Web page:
Online grocery went mainstream in 2019, as Amazon (NASDAQ:AMZN), Walmart (NYSE:WMT), and others offered consumers more ways to stock their fridges and pantries with just a few clicks or taps.

Amazon notably dropped the $14.99 per month membership fee for its AmazonFresh delivery service at the end of last year, and the consumer response has been strong. Delivery orders more than doubled year over year in the fourth quarter, according to CFO Brian Olsavsky.

Amazon's growth comes despite Walmart's aggressive efforts to convince more online shoppers to make Walmart.com their destination for groceries. It now offers curbside pickup at over 3,000 locations and can deliver to customers homes from 1,400.

It introduced Delivery Unlimited last fall, a $98 annual subscription for same-day grocery delivery that will go head-to-head with Amazon Prime.

While Walmart's figured out a formula that works for it -- leveraging its big box stores -- Amazon's still, by Olsavsky's own admission, figuring things out. But its success so far indicates grocery could be a big area of growth for Amazon.

A man handing two grocery bags to a woman at her front door.

Image source: Amazon.

Figuring out what the customer wants

"Right now, we're really just testing and reacting to the customer demand and the customers' preferences," Olsavsky told investors during Amazon's fourth quarter earnings call.

And Amazon might find that certain markets require different approaches. Delivery is more popular in dense urban environments, while curbside pickup is often preferred in suburban sprawl, according to Coresight Research. The good news is that Amazon is well positioned to offer both options in each of those environments.

In dense cities, Amazon can use its AmazonFresh network to facilitate deliveries. In suburban markets, Amazon can reformat existing Whole Foods stores. Moreover, it's testing a new grocery chain in southern California, which it could design with curbside pickup in mind. Meanwhile, Walmart's concentration on suburban markets could prevent it from penetrating more urban markets.

Amazon's also still figuring out how consumers like to order their groceries. Sometimes customers stop in stores, sometimes they use the Prime Now app, and sometimes they use the Amazon website. Again, Amazon has already done the legwork of getting shoppers to link their Prime membership to their in-store purchases at Whole Foods. That can improve its online grocery platform. By comparison, tracking shoppers' in-store purchases is an area where Walmart lags behind the competition.

The importance of grocery for Amazon

Amazon's push into grocery is important for the sustained growth of its retail operations. Prime membership growth in the United States is getting harder to come by, and a majority of members now subscribe month to month instead of paying for a full year in advance. Frequent grocery purchases not only provide a boost to revenue, but more importantly, give Prime members a reason to stay subscribed every month or pay up for the annual membership.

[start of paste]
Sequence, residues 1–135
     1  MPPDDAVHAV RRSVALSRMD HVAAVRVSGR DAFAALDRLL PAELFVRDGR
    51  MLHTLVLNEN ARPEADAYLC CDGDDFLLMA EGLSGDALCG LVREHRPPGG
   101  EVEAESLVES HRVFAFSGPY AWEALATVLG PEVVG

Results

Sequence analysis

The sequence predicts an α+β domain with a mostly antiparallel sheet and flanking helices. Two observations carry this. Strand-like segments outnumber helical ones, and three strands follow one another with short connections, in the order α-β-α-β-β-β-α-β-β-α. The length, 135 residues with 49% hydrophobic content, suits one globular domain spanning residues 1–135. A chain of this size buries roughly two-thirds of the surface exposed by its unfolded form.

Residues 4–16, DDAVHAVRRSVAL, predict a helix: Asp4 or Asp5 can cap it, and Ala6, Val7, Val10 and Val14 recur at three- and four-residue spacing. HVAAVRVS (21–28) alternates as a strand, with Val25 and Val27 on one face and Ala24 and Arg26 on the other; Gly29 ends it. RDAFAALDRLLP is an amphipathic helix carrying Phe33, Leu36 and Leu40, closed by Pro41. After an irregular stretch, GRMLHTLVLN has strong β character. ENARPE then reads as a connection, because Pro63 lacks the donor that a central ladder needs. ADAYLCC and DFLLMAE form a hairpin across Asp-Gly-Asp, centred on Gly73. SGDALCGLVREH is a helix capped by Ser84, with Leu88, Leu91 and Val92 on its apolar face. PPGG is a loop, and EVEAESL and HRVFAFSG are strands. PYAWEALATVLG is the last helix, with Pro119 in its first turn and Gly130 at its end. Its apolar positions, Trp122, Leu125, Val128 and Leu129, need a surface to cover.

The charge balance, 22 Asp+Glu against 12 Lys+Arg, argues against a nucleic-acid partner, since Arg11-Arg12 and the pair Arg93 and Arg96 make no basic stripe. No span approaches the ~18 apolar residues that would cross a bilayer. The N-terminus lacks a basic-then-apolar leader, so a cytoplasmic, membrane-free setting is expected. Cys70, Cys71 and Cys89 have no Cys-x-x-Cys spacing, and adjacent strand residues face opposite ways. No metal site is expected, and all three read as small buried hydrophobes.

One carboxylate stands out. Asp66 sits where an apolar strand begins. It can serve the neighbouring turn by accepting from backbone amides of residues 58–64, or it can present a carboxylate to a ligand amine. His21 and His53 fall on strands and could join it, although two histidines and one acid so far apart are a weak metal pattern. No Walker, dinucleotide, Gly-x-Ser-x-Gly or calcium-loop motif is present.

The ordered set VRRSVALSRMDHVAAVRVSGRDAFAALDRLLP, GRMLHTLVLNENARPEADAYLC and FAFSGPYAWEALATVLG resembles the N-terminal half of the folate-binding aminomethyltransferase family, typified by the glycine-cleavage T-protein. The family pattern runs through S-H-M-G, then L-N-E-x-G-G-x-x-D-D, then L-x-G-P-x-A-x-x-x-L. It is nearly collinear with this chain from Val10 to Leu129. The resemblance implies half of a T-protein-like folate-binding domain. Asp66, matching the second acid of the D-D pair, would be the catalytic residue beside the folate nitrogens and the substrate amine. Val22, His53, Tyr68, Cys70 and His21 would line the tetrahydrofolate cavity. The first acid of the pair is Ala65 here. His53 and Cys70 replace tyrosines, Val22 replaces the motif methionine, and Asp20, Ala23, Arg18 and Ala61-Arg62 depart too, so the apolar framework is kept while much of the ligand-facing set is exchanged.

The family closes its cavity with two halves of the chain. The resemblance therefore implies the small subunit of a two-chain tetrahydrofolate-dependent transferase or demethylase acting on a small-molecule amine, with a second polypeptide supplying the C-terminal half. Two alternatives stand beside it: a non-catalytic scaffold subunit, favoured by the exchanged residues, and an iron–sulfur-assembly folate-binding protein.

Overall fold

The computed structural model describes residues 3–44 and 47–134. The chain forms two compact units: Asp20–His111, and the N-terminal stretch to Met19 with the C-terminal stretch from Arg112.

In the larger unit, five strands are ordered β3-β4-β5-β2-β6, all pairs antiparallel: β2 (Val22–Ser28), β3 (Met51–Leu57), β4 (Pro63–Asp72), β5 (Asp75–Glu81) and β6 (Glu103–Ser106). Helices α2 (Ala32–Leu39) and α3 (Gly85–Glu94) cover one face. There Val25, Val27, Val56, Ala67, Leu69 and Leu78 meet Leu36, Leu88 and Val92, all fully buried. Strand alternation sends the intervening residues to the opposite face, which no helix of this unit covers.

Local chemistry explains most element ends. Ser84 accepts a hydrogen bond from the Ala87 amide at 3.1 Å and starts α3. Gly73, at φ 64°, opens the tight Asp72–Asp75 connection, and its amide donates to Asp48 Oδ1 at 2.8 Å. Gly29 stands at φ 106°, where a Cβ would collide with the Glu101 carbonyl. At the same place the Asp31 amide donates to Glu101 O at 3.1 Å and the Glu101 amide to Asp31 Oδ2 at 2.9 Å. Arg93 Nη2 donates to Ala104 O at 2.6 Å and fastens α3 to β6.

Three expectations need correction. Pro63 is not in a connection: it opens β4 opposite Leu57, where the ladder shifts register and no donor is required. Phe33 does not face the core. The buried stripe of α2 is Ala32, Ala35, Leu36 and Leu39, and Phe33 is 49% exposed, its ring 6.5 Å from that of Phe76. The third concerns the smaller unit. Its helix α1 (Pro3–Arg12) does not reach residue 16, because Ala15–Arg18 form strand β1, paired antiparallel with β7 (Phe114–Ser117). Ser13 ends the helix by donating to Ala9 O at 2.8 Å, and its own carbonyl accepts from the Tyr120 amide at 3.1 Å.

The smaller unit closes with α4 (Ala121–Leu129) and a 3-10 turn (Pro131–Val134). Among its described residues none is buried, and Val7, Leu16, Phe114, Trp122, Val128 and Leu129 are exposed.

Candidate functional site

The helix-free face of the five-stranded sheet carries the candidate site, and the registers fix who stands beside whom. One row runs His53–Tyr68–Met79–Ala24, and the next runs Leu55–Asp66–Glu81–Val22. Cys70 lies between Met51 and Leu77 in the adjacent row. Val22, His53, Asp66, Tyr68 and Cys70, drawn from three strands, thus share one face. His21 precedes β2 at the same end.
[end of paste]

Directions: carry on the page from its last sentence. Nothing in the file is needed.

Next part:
Grocery delivery may also be able to attract more Prime members to the service as consumer adoption increases. Those looking for an inexpensive and convenient way to get their online grocery orders delivered may compare Prime to Walmart's Delivery Unlimited or other competing grocery delivery subscriptions. When you factor in all the other benefits of Prime, including one-day shipping on millions of items on its marketplace, paying a slight premium for Amazon's subscription might make sense for most.

That said, Amazon -- and Prime, in particular -- generally attracts shoppers with higher incomes, compared to Walmart. Amazon needs to work to protect its hold on higher-income shoppers, but it's also working to expand the appeal of its grocery brand to a broader base of consumers. It'll start testing a new grocery chain later this year to do just that.

Consumers have responded well to Amazon's efforts in grocery so far, as evidenced by the growth in delivery orders last quarter. But Amazon likely has a long way to go before a majority of Prime members and prospective members associate the program with online grocery ordering.

Investors shouldn't expect regular updates on the grocery business from Amazon's typically tight-lipped management. And its Prime membership updates are more focused on the program's global expansion than its success eeking out a few million new members in the saturated U.S. market.

But keeping an eye on where Amazon's investing in grocery and how it's affecting both retail and subscription revenue might give investors clues as to how it's progressing.